Ok, honesty hour: I haven’t given very much thought into this endeavor. 30 days of celebration.
Every day of November will bring thoughts on the topic, but I haven’t thought out each post or planned an order. Instead, my fingers type these words as my clouded mind tries to keep up. I write today for me, and although I hope you read my words this next month, most of them will be written for completely selfish reasons.
I need celebration. I need gratitude. I need it all so badly. And so I write.
I don’t sit down today out of any sort of abundance. My cupeth does not overflow. Instead, my head hurts. It’s hard to keep up with the life around me. Anxiety and doubt have been my response to pretty much everything for months. I feel like a sojourner through a harsh desert, desperate for water.
Celebration is that water.
It’s crazy how a critical heart seeps its way into my life. I am often described as a “happy” person, always positive and cheerful. My whole life people have used those words to describe me, but there are so many days that those very words eat me alive. “What if they really knew what was in my mind?” Because I’m tellin you, folks, it is often not a pretty place.
And so today I take my very first sip of water, in what I pray will be a refreshing month.
I think I’ve always viewed celebration as optional in the life of a Christian. Some Christians celebrate things, some don’t. But I am learning that lack of celebration and gratitude is actually a deep form of hideous pride. Who am I? Who am I to tell God that He created a single thing wrong? Who am I to critique the world I was given, the life I was given?
I used to have this idea that I deserved what I had. I think we all do, growing up. Entitlement: the thief of gratitude. This last summer, my sense of entitlement became a beast that began to eat me alive. I distinctly remember the moment I pleaded with God to be free from it. After graduating college, I faced some rejection, had some setbacks, and I got mad at God. How dare He? Isn’t this my life?
And I let it just sit there for months, waiting for God to give me what I surely deserved. Until one day I woke up and realized that I was miserable as all get-out. Nothing would be good enough for me. Nothing would satisfy me. Nothing. I walked around like ticking time bomb, and it took very little to set me off, to make me mad at God for the life I had.
But there came a moment what it hit me like a sack of flour, doubled me over. On my knees. “Jesus, what is wrong with me? Why is everything a disappointment? People expect me to be this optimistic person, but if they could only see my heart for one moment. I don’t know what to say but change me. Change my mind. Take away my entitlement.”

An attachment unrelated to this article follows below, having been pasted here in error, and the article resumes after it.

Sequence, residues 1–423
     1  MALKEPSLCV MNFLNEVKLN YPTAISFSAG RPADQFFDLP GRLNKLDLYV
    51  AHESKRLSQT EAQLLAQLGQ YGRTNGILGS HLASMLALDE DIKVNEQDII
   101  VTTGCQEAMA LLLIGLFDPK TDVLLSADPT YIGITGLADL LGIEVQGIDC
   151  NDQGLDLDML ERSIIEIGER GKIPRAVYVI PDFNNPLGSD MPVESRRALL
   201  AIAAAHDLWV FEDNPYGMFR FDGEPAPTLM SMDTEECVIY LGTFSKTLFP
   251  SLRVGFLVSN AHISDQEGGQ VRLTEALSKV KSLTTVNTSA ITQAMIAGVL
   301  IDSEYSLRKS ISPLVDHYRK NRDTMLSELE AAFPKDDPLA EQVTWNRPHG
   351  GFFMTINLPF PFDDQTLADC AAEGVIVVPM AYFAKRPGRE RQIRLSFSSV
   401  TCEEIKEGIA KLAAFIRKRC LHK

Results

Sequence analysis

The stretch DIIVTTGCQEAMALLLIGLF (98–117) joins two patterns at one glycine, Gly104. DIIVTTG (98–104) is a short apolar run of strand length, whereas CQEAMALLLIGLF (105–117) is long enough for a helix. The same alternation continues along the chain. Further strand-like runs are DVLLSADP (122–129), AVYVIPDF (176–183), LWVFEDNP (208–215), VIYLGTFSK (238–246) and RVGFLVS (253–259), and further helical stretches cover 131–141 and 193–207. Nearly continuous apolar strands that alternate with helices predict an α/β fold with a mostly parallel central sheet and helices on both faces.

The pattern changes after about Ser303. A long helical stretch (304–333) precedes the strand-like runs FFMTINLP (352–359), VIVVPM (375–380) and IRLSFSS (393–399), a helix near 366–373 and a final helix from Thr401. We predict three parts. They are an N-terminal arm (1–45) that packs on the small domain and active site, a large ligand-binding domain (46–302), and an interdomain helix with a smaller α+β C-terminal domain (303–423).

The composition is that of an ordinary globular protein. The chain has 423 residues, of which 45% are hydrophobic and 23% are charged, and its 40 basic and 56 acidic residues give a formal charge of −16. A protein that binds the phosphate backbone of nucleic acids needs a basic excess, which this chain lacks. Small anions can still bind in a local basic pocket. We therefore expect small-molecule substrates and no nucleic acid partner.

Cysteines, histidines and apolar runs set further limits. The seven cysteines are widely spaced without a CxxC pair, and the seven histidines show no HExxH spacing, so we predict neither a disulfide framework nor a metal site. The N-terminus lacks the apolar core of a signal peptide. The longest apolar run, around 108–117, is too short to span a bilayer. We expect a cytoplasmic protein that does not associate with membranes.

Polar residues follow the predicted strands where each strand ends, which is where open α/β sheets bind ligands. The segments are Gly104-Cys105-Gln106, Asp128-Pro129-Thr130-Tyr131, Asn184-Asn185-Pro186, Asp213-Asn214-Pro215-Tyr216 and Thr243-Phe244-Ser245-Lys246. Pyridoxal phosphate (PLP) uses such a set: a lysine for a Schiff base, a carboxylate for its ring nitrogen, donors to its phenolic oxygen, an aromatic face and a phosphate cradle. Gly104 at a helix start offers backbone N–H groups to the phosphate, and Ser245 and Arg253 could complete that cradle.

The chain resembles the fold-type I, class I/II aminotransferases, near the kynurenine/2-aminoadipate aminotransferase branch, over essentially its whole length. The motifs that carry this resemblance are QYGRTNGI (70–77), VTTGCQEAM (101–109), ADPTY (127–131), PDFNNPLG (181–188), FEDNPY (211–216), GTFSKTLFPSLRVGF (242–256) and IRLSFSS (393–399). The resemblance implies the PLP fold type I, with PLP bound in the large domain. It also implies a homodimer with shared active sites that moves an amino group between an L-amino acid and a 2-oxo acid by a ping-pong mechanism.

I thought I could keep criticism as a pet. I thought I could keep it under control. I mean, surely I am entitled to my own opinions, aren’t I? Everyone seems to say so. Everywhere you look, that’s all you see: people and their opinions. And I had a few of my own: I should have gotten that job. He should like me back. I should have been made different. I deserve a more clean-cut world to live in.
And I know I don’t have to tell you this, but that kind of thinking eats a person alive. Bob Goff, in his book “Love Does”, describes lack of gratitude as “seeing something really beautiful as just normal”. What a delightfully plain statement for such a deep reality.
I don’t want to pass over beauty as though I deserve it, as though the intricacies of this gorgeous world should be regarded as nothing. Or not enough. I am learning that celebration springs forth from an earthy, solid realization that nothing we have is earned. What single thing did you or I do to deserve our gift of life? Anyone who doesn’t see life as a gift doesn’t look very closely at its humble beginnings. Every breath, every blink of the eye, every headache, every heartbreak, every trauma. None of it deserved, all of it given.
The world tells us daily that we own our lives, and that way of thinking has held me captive for so many seasons. What a change it is when we realize that our lives are not our own, that we don’t have to flounder around trying to make something of them! When I realize that I deserve the worst of deaths, that I did nothing to give myself life, suddenly celebration is the only logical response. I would be nothing without the God who gave it all to me.
And that’s what this month is about, reminding myself of these things. The Bible says to think about what is lovely and admirable and worthy of praise. I use to read those words as nice advice, but now I know that they are a slap in the face of my pride. A reality check. Who am I to spend a single moment critiquing the God who made it all?
So let’s lay down our pride for a change, yeah? I’m ready for some refreshment, for some healing to my bones. Settle down with me this month. Let’s see it all differently.
I know I need to.